This friendship began twenty years ago. Life has taken us in different directions in recent years, and Leef and her family moved to Texas, partly for job opportunities for her husband, and partly so she could have a small farm, but distance doesn't change the qualitative nature of a solid friendship.
Unfortunately, we hadn't seen each other live and in person in far too long, so I hadn't seen the new farm, or the new store (they recently moved from their mini-farm closer to Dallas).
So the store kind of bowled me over when I walked in. Years ago, we spent so much time talking about having a studio, a yarn shop ... a place to teach knitting, spinning and dyeing. We would spend hours dreaming up what we'd sell and what the shop would be like -- some cozy seating in a corner, the teaching studio over here, natural light from over there, and of course we'd have to have a coffee bar.
And now here it is. I sorely wish we were doing it together, but I am so happy for her that she has it for herself.
Below is the part of the store that serves as a weaving studio and class workshop. Note the floor loom on the left, a triangular loom partly filled with a handpainted warp, bags of fleece, and yet another spinning wheel:
You need to know that when Leef teaches a new weaver or spinner, she doesn't just set you down and show you the basics. If you go to one of her weekend retreats, you will come away from it really knowing how spin or weave. Leef is the sort of person who teaches her students not only what they need to do, but why they need to do it. She wants you to walk away from her studio with a complete understanding of the process.
On the opposite wall from the loom and teaching area, she displays some of her yarns and felting supplies, as well as a selection of felted stoles and gossamer hand-dyed silk scarves.
The dyeing workstation is out-of range to the left in the picture, and includes a stove, sink and work table.
I remember Leef's early dyeing experiments -- hiking the local woods and creek banks searching for flowers, bark and roots to find ingredients for natural dye recipes. Then it was out to the backyard with a propane burner and an old canning pot, standing over dyebaths until she arrived at the perfect shade of green, brown or yellow. I remember picking sack upon sack of railroad daisies.
After Leef moved to Texas, my work schedule became enormous, but when I had any time at all to myself, I took to the same locations in search of wild indigo plants -- the invasive descendants of indigo crops grown in the plantation days of south Louisiana. Indigo requires a lot of plants and a special touch with the dyepot -- and although I enjoy working with natural dyes, I have never gotten past a wan blue with my own efforts.
Leef had started getting serious about felting -- hats, slippers, you name it -- shortly before her family moved to Texas.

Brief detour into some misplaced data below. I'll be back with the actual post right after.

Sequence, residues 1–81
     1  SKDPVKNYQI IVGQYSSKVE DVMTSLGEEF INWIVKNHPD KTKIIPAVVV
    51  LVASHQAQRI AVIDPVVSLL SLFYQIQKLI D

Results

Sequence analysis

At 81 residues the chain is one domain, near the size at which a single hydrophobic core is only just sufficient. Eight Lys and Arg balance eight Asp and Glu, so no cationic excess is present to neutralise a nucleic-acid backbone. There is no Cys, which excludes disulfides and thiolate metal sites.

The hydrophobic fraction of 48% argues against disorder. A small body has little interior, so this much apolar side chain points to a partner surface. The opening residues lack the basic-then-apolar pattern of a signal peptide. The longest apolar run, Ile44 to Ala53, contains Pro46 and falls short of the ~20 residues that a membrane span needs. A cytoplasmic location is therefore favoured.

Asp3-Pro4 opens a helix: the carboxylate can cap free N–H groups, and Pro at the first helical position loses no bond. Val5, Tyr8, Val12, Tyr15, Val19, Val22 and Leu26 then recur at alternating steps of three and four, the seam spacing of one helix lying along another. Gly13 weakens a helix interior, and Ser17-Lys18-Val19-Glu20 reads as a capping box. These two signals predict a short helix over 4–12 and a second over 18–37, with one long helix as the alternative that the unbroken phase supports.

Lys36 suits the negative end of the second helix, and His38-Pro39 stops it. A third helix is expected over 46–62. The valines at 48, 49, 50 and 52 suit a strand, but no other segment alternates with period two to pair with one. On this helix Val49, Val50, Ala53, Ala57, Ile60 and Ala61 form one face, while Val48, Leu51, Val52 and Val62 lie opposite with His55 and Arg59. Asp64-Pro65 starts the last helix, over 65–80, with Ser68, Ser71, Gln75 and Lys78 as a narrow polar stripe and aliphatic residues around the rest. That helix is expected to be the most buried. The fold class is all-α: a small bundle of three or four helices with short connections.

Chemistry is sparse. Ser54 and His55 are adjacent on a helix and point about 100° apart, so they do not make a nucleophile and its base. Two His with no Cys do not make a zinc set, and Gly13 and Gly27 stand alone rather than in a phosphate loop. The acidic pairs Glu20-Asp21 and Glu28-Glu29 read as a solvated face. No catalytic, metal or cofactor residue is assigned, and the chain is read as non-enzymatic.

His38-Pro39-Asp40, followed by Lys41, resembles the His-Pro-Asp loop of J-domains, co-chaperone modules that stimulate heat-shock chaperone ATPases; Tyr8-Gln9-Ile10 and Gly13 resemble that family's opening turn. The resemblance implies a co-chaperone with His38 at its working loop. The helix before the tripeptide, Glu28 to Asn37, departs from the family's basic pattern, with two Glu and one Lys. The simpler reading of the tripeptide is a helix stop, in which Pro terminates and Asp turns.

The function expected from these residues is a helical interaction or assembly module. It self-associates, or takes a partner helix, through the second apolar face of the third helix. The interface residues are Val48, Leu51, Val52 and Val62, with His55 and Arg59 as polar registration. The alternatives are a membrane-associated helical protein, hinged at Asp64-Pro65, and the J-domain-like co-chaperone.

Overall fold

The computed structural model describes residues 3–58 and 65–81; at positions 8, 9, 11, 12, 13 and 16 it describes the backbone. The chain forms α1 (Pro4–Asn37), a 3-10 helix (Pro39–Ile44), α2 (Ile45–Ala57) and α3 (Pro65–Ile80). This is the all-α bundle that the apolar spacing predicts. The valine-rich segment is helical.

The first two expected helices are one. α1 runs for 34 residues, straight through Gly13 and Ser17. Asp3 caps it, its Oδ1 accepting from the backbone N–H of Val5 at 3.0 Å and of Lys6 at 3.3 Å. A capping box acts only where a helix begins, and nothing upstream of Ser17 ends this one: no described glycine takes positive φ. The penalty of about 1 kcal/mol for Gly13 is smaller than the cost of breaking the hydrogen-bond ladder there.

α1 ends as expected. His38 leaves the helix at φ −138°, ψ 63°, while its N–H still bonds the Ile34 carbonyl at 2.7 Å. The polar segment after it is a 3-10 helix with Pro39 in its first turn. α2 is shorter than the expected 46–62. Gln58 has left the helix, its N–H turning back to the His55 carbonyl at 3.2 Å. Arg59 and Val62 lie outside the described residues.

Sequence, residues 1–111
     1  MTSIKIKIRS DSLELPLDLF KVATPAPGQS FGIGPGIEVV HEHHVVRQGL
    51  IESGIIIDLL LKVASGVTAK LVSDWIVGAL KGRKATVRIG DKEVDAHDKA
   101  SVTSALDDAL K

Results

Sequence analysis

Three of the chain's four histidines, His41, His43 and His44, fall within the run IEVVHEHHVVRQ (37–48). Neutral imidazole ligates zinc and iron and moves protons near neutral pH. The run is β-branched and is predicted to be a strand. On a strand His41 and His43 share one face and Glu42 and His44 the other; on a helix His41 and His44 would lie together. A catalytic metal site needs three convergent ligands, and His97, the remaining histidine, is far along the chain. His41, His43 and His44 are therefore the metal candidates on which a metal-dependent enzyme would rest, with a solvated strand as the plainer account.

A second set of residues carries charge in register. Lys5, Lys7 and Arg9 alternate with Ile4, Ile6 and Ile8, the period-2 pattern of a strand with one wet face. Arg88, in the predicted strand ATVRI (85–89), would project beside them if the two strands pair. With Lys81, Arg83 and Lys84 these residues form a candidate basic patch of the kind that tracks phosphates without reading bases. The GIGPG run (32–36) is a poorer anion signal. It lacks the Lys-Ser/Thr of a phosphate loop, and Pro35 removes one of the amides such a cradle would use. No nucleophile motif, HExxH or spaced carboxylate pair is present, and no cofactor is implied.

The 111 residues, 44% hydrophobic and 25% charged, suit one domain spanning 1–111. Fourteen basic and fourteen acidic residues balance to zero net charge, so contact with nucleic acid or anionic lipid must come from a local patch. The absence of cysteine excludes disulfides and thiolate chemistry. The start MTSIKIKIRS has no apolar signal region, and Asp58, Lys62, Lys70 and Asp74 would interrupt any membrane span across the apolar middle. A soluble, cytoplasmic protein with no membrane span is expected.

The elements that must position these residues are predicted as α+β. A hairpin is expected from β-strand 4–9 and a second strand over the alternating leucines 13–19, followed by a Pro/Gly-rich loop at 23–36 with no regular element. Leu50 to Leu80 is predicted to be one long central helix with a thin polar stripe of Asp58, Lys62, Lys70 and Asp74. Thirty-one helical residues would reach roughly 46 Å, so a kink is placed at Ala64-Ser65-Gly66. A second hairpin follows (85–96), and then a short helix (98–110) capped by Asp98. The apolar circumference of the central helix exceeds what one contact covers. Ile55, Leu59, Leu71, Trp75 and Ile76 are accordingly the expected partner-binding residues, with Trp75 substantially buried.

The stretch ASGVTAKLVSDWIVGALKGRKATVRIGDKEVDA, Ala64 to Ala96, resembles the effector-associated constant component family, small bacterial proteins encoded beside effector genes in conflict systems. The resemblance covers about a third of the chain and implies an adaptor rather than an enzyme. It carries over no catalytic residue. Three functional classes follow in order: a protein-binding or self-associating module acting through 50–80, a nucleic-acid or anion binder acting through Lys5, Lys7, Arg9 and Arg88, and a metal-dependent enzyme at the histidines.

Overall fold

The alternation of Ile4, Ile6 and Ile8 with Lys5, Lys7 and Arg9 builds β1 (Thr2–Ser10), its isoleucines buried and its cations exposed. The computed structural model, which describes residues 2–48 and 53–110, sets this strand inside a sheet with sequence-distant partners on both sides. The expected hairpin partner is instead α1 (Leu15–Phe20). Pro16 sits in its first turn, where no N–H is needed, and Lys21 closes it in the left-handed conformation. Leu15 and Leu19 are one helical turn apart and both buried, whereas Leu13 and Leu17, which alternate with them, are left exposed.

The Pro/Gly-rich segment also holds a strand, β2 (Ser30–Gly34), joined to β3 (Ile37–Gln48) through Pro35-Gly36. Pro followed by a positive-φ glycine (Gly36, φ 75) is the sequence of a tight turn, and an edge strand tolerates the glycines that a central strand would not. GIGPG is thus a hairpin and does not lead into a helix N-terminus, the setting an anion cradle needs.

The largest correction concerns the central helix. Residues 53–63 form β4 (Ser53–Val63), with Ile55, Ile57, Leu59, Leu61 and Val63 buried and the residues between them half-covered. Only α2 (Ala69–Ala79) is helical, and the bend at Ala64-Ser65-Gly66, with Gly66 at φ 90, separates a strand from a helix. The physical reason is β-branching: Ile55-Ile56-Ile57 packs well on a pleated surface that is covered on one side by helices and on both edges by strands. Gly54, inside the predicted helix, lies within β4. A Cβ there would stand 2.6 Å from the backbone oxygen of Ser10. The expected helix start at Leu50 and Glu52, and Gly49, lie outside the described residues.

Which brings me back to where I started.
Now I know you are curious about those stoles. Leef produces these amazing, drapey garments in Nuno felting, a technique in which she felts and dyes wool onto a silk gauze. The end result is a rich, drapey, exotic-looking fabric which makes me think of something that perhaps an alien ambassador or priestess might wear as ceremonial garb when meeting with Captain Picard, or attending a meeting of the Federation. Each one is an individual work of art.
To the lower left, below the stoles, you will see a display of dyed silk scarves, befitting Stevie Nicks at the height of her gauziness ... and I do mean that in a good way! These scarves are as light as a feather and display equally well either ironed flat or dried in a scrunched-up technique -- not unlike making a broomstick skirt.
There are also some yarns for sale -- some handspun, and a selection of comercial sock yarn. She also carries a sleection of bamboo knitting needles, and every conceivable accessory or tool you might need for spinning, weaving or felting, from dyes and niddy-noddys to spinning wheels, looms and drop spindles.
There's more yarn in the picture below, and dyeing supplies in the background. Do you also see the hand-dyed gauzy silk jacket, graced with a felted lace stole? Leef offers both materials and classes to make all of these things:
Leef's farm is in Van Alstyne, Texas, just a tad off the beaten track -- a scenic drive through the rolling hills north of Dallas. But if you are a fiber enthusiast anywhere in the Dallas-Forth Worth area, Oklahoma City or the general Texoma region, and you're up for a day trip, you'll be glad you went to the trouble to find her.
Leef is happy to arrange weekend retreats for any guild or other group of fiber enthusiasts who'd like to spend a weekend on her farm. In addition to the two bed-and-breakfast cabins, there is ample campground space on her property. You can contact her directly to discuss classes, arrangements and prices, depending on the classes you want to take and the size of your group.
For directions to the shop, hours, and class information, contact Leef at:
I'll leave you with a photo of some of the farm animals: here's a little cluster of sheep, presided over by Doc, a 30-year-old horse whose hobbies include coyote-stomping, and Murphy, a llama who not only provides fiber but also serves as a flock guardian. You can see Murphy just above the second sheep from the left:
Next time, I'll tell you more about the farm animals, the land, and Leef's plans to expand the services she and her husband offer.
At the moment, you can contact Leef through her website and see what's new at the shop. If you have a group of friends who are interested in a weekend retreat so you can learn to spin or weave, you can arrange that as well.
Labels: Apple Leef Farm, dyeing, felting, knitting, spinning, weaving